- Pamela and Vasco McCoy, Jr. Professor of Oceanography and Applied Physics
Eli Tziperman's research deals with ocean, atmosphere and climate dynamics, trying to understand physical processes that affect Earth's climate on time scales of a few years to millions of years.
Climate variability results from a rich set of nonlinear, sometime chaotic, physical interactions of the oceans, atmosphere and at times the biosphere as well. Some of the very basic questions in this research area are still unanswered. For example, why were there ice ages; why is El Nino difficult to predict; what future warming can we expect in a century; how can we understand specific observed features of past warm climates millions of years ago; and what can they teach us about the future.
These open challenges make this a fascinating field to work in for those of us with an interest in applying physical and mathematical principles to the study of the natural world.
In addition, climate is, of course, a research area with practical aspects directly affecting our life, creating an engaging combination of a scientific challenge and societal relevance. We normally use both simplified mathematical models of a given climate phenomenon to understand the mechanisms in question in detail, together with realistic state-of-the-art simulations for testing ideas developed using simpler models. See more at https://www.seas.harvard.edu/climate/eli/Level2/research.html
Positions & Employment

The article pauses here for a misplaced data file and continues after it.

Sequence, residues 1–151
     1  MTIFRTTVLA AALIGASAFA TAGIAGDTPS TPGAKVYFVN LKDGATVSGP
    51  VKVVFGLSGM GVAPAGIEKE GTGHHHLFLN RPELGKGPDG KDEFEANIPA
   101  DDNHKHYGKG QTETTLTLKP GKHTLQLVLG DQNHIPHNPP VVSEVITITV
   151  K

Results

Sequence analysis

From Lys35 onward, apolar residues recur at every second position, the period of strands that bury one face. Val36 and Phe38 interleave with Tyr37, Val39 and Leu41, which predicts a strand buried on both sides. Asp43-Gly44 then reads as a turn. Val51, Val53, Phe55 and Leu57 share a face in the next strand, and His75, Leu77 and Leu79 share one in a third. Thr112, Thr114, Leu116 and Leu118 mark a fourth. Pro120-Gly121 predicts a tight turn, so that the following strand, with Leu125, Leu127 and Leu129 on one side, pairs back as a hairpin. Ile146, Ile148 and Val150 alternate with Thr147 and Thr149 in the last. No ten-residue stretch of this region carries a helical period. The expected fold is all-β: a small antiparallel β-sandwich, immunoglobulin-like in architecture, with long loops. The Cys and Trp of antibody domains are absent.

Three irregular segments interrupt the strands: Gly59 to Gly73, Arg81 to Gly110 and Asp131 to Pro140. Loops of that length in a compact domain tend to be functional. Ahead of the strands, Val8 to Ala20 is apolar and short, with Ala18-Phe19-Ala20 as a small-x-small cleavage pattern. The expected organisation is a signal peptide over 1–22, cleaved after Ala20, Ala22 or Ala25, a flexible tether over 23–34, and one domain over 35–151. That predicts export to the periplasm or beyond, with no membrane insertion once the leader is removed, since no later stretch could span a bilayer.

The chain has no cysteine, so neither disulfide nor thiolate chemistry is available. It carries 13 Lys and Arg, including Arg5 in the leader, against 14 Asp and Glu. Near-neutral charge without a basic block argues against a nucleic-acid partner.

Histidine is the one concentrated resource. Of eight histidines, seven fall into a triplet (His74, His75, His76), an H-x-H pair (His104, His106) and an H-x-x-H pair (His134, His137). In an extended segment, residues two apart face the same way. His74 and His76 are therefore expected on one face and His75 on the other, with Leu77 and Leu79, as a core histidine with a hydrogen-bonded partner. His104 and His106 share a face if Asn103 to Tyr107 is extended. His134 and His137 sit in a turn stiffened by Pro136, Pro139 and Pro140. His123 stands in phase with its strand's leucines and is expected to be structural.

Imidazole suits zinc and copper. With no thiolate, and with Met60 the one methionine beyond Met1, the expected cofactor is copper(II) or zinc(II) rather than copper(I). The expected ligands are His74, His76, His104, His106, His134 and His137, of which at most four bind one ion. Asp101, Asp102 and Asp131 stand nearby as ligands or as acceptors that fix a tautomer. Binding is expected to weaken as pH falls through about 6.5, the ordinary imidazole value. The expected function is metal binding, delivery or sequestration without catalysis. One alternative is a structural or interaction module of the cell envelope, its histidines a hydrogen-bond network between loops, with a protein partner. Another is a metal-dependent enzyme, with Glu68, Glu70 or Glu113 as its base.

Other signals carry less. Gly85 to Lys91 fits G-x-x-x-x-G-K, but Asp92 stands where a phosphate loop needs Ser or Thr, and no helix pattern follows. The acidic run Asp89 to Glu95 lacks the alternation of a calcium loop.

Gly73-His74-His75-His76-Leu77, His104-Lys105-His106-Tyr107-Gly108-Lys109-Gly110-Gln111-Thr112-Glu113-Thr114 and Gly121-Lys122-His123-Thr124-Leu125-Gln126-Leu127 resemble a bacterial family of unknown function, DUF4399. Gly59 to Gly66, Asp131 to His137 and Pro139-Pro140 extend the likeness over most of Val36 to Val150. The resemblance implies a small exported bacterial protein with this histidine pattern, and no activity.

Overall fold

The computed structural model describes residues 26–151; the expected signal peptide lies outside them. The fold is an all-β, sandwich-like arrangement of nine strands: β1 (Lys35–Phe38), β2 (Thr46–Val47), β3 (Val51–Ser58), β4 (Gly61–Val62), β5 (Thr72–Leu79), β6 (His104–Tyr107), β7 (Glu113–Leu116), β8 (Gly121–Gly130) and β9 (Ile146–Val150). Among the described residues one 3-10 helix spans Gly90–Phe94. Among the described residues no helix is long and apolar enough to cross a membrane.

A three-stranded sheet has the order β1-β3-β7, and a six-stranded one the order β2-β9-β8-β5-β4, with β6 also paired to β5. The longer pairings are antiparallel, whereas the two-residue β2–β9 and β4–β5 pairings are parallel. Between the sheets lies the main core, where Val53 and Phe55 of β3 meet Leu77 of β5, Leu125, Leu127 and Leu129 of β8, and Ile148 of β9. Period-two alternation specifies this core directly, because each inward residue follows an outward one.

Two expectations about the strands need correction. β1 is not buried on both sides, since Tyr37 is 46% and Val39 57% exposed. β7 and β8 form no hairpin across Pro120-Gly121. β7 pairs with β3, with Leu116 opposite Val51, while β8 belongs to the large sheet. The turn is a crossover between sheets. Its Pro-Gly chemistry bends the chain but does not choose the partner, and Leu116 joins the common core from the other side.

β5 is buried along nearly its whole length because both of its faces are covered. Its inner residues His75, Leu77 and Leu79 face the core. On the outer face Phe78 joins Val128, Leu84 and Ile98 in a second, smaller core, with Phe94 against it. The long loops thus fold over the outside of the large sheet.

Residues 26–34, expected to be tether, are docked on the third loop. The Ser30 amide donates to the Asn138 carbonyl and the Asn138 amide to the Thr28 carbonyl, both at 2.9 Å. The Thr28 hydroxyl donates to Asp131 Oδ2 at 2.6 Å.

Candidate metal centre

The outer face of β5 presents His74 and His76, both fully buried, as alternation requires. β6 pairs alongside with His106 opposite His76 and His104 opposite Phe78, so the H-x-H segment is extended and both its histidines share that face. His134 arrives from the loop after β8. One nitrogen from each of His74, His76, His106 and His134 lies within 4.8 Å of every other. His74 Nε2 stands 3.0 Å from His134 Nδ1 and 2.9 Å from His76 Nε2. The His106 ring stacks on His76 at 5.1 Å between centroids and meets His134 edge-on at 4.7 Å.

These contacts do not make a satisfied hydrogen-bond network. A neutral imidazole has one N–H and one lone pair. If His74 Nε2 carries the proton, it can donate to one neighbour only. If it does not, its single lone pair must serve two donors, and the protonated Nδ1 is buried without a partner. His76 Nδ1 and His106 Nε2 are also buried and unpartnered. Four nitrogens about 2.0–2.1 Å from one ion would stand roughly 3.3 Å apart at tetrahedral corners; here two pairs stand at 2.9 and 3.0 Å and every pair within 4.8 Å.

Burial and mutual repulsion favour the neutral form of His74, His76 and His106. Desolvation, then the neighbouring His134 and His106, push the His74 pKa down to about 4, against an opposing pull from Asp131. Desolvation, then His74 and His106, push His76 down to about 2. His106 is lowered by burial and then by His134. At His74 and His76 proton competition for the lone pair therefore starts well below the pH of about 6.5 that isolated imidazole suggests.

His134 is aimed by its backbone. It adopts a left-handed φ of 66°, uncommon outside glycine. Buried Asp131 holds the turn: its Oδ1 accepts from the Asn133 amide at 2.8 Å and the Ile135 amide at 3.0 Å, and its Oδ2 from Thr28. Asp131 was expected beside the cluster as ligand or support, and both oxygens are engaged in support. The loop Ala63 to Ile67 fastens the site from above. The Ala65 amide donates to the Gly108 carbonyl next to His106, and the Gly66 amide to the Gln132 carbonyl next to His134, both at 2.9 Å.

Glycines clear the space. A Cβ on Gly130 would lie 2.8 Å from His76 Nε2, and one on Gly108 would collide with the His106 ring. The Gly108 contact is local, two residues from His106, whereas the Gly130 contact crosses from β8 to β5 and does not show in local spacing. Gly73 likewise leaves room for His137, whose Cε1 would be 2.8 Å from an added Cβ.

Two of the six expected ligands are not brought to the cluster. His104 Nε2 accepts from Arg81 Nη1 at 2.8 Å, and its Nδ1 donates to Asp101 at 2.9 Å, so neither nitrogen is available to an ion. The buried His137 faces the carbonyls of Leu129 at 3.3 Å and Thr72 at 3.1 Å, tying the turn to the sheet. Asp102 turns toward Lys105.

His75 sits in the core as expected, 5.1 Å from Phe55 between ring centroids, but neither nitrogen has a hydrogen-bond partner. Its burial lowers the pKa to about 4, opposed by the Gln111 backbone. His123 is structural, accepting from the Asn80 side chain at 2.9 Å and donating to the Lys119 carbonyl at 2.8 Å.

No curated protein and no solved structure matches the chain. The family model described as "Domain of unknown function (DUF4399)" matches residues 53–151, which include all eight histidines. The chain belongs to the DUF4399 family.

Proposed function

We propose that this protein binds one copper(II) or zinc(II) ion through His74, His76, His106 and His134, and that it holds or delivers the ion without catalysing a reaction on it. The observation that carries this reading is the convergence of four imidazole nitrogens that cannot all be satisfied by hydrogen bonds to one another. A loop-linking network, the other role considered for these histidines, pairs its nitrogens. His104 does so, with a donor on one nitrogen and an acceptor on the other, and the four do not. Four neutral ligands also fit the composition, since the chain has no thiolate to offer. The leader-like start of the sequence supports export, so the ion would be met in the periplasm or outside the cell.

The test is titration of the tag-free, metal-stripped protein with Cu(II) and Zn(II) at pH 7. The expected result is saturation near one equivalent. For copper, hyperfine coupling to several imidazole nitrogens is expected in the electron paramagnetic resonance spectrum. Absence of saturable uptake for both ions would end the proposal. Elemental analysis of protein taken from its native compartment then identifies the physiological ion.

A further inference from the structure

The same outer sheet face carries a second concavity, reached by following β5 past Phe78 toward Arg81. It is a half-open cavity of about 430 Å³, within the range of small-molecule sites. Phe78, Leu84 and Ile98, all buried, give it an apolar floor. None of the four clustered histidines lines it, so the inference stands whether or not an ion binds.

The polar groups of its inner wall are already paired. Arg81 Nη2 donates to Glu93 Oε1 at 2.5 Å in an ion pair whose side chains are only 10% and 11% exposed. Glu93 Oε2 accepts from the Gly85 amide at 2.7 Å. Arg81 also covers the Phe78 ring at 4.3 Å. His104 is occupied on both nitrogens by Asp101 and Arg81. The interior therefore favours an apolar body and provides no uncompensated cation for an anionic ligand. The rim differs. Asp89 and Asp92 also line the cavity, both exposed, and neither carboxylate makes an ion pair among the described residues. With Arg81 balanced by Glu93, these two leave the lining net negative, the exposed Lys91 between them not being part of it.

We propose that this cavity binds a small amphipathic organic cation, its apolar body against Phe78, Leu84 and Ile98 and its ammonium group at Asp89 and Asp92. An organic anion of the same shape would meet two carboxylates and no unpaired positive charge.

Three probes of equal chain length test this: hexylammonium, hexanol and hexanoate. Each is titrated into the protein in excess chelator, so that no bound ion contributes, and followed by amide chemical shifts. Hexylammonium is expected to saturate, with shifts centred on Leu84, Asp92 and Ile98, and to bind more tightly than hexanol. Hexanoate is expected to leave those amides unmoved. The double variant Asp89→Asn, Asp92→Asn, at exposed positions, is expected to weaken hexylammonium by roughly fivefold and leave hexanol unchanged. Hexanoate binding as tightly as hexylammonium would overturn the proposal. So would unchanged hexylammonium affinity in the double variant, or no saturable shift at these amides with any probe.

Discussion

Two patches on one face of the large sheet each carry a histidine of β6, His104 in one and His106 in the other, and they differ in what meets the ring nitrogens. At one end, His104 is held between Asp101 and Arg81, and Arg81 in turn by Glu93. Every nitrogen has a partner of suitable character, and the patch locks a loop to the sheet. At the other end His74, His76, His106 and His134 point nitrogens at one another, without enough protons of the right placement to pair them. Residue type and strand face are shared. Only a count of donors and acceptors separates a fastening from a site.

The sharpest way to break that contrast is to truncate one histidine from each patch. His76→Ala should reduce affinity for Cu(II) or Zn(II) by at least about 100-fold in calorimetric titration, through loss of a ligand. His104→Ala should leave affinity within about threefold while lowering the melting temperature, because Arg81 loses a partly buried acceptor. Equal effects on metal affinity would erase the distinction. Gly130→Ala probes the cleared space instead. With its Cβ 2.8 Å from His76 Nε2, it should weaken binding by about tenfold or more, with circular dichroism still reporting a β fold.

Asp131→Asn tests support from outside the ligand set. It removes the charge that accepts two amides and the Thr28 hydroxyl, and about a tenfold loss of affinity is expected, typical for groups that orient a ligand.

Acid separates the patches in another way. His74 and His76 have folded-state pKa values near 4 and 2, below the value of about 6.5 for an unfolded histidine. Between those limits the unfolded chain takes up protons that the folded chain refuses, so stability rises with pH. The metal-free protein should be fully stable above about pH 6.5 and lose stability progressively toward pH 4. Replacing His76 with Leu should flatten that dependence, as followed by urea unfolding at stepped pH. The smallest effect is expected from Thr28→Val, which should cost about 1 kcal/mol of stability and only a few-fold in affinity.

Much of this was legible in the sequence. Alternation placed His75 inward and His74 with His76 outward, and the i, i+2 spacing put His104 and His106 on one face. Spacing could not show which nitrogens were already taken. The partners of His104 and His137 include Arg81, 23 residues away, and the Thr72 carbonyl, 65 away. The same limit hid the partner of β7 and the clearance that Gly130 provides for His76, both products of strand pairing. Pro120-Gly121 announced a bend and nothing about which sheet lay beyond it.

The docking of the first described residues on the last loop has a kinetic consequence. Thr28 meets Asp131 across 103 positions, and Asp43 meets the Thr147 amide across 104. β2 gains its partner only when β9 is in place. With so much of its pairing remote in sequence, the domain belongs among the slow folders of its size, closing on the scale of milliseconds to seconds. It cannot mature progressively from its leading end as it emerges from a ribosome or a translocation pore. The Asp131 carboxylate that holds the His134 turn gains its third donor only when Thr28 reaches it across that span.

Harvard University, Department of Earth and Planetary Sciences and Harvard School of Engineering and Applied Sciences
- August 2003: Professor of Oceanography & Applied Physics, Harvard University
- 1998-2003: Professor, Department of Environmental Sciences, Weizmann Institute of Science
- 1994-1998: Associate Prof.,Department of Environmental Sciences, Weizmann Institute of Science
- 1990-1993: Senior Scientist, Department of Environmental Sciences, Weizmann Institute of Science
- 1989-1990: Scientist, The Weizmann Institute of Science
- Professor E.D. Bergman Memorial Award, 1990, Israeli-US Binational Science foundation
- Alon Scholarship, 1989, Israeli Academic Planning and Grant Committee (VATAT)
- Carl-Gustav Rossby Award for the most outstanding thesis submitted to the Center for Meteorology and Physical Oceanography, MIT, in the academic year 1986-1987
- Meirbaum Oceanographic Scholarships, Hebrew University, 1984, 1985, 1987